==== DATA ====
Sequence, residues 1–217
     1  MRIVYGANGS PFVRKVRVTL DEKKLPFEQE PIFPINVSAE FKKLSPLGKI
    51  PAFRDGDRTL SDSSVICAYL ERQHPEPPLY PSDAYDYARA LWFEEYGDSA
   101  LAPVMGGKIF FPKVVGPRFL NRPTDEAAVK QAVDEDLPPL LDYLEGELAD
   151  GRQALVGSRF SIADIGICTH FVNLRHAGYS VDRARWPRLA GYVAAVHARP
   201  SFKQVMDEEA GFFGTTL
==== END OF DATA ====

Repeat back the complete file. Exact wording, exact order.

Sequence, residues 1–217
     1  MRIVYGANGS PFVRKVRVTL DEKKLPFEQE PIFPINVSAE FKKLSPLGKI
    51  PAFRDGDRTL SDSSVICAYL ERQHPEPPLY PSDAYDYARA LWFEEYGDSA
   101  LAPVMGGKIF FPKVVGPRFL NRPTDEAAVK QAVDEDLPPL LDYLEGELAD
   151  GRQALVGSRF SIADIGICTH FVNLRHAGYS VDRARWPRLA GYVAAVHARP
   201  SFKQVMDEEA GFFGTTL